Splits exercises
January 30, 2009 10:08 AM   Subscribe

Help me design a stretching/exercise program to allow me to do the splits. What stretches should I be doing? How long should I hold the stretch? Any particular exercises I should be practicing? What's a reasonable timeframe for developing this skill?

I'm a healthy 27-year old male. I would classify my current flexibility as okay but not great--I can touch my toes without bending my knees but not much more than that; I can comfortably put my legs at a little more than 90 degree angle in a seated straddle stretch.
posted by philosophygeek to Health & Fitness (9 answers total) 16 users marked this as a favorite
 
My yoga instructor claimed that if you did the splits (twice - once with left leg forward, once with right leg forward) to the best of your abilities for two minutes a day, you'd be able to do them in a month. I've been meaning to give it a try, but haven't.

I'd say try that, and maybe throw in some high kicks or something like that as well?
posted by backwards guitar at 10:18 AM on January 30, 2009


I tried to work on this a few years ago to no avail. I stretched every day to be able to do the splits with one or the other leg forward (I can go down further with the left) and to do them with legs side to side. I saw noticeable improvement but was never able to do the splits all the way. I tried to do this over about four or five months.

I was also doing at least four hours of intense dance classes a week at the time, but no other major workouts. Having taken a few yoga classes now, I can see how they would help.

I suspect some people just might not be able to do the splits, but I have no proof of that.
posted by peanut_mcgillicuty at 10:23 AM on January 30, 2009


You need one of these I-Flex units. If you study the picture, I bet you can figure out how to rig one yourself.
posted by 26.2 at 10:26 AM on January 30, 2009


It took me about a year of stretching 2-3 times per week to be able to do the splits. I wasn't actively trying to be able to, it just came on its own. I was a teenage girl involved in dance at the time.
Some stretches you can do:
Sitting with your legs in a V as wide as you can go without feeling like you're hurting yourself, fold your upper body over as far as you can go without hurting yourself onto your left leg, your right leg, and center. In each position, alternate flexing and pointing your foot and see if you can move down a little bit further.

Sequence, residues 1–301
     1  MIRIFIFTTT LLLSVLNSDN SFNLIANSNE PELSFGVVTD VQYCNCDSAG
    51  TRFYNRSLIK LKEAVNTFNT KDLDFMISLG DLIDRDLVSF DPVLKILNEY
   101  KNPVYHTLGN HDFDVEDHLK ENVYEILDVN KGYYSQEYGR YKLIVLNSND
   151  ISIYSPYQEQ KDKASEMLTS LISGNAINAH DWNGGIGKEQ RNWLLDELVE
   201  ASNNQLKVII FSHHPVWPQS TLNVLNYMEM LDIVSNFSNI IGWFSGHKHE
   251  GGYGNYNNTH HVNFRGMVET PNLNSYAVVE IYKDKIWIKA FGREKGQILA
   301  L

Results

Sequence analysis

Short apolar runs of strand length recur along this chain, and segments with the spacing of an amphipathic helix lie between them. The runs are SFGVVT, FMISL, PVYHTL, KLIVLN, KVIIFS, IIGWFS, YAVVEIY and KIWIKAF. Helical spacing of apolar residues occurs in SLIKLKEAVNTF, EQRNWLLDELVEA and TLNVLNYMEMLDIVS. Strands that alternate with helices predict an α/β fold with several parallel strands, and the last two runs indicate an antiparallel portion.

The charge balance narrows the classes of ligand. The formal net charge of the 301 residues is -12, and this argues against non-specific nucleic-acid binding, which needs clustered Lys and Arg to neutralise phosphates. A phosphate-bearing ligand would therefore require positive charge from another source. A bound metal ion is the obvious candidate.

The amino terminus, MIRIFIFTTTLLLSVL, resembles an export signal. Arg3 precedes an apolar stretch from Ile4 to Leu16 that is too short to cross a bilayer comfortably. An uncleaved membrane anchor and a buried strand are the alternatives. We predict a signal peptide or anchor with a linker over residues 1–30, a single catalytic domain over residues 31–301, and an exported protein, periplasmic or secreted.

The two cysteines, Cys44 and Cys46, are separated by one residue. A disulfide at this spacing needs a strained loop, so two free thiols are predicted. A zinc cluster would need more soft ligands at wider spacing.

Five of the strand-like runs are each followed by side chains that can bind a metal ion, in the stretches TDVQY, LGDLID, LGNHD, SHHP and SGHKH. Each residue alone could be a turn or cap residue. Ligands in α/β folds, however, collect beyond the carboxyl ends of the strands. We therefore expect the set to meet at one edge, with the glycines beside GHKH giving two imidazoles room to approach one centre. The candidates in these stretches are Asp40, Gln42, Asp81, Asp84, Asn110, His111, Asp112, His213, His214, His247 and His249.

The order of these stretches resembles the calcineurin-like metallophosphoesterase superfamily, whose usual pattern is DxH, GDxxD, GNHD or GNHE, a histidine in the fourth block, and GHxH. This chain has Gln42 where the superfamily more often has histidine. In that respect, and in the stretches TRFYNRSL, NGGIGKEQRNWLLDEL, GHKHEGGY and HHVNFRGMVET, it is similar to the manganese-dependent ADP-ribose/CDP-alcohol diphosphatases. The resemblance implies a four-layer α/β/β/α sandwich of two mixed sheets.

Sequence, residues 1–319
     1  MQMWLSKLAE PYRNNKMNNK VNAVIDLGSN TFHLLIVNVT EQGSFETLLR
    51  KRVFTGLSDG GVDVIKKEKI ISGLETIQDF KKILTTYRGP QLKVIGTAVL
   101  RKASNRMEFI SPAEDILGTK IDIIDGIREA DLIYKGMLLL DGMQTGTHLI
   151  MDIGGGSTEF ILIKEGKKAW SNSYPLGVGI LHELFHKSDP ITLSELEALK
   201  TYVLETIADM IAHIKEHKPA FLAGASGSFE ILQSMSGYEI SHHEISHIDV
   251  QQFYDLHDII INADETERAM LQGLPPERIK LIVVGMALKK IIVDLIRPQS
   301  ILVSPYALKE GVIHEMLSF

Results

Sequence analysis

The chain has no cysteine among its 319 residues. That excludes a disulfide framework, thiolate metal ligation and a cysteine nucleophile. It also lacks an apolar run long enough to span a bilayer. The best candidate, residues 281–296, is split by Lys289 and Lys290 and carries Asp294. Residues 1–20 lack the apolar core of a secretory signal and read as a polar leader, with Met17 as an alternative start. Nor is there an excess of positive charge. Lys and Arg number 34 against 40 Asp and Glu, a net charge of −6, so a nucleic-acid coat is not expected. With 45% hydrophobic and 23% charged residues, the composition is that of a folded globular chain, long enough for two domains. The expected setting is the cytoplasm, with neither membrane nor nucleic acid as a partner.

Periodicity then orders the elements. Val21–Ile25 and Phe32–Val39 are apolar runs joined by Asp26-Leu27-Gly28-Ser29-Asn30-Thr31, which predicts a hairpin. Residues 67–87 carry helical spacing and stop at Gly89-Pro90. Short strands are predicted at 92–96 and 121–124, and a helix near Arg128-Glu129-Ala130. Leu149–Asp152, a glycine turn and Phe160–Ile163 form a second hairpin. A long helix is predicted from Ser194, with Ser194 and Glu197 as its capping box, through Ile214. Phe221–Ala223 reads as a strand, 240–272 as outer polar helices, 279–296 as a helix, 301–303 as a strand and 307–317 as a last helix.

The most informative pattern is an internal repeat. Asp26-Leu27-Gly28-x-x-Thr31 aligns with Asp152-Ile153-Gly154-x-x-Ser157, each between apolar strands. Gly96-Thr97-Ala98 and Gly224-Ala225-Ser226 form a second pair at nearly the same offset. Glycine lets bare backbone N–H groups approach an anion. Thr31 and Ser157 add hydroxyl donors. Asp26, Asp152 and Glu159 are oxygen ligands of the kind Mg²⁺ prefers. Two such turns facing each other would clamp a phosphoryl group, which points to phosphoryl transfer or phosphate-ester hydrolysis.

Standing with your legs a little wider than shoulder-width apart, lean your body over your left leg, your right leg, and center as far as you can go.

Laying on your back with one leg extended out, lift the other leg above your body and pull it down toward your head as far as you can go without hurting yourself. Alternate flexing and pointing your foot. You can also do this with the other foot flat on the floor with your leg bent, if that's easier to start with. When you do this, make your your butt/lower back are not coming up off the ground.

The key with all of these is to not pull too far and injure yourself. If you do that, then you'll set yourself back the amount of time it takes to heal.

Once you've gotten fairly flexible through these exercises, then you can stretch in splits position. Trying that to start is a good way to accidentally hurt yourself because you're putting your weight down, and it's easy to slide too far.
posted by fructose at 10:35 AM on January 30, 2009 [1 favorite]


Don't start out by trying to do the splits, you'll just pull or strain something. Several of these exercises helped me: the "runner's stretch" - sitting down, place one leg straight in front of you, and bend the other leg so that the sole of that foot touches the inner thigh of the outstretched leg. Keeping your back as straight as possible, and both "sitting bones" on the ground, lean forward and try to touch your chest to your knee. (If you try to do nose-to-knee, you'll end up rounding your spine, which you don't want to do.) Do several of these on one leg, then switch to the other, then back, etc. Doing "butterflies" helps to stretch and loosen the inner thigh muscles - sitting on the ground, bend both knees and bring your heels as close to your crotch as possible. Now move your knees up and down slowly as if you're flapping wings. Try to eventually touch both knees to the ground simultaneously. Lastly, sitting on the ground, stretch both legs out in a wide V position. Again keeping the spine as straight as possible, lean forward and try to place your chest on the floor. You'll probably have to work at this many, many tries before you'll get all the way flat, so take it gently and slowly. If you feel a stretch, that's good, but if you feel pain STOP.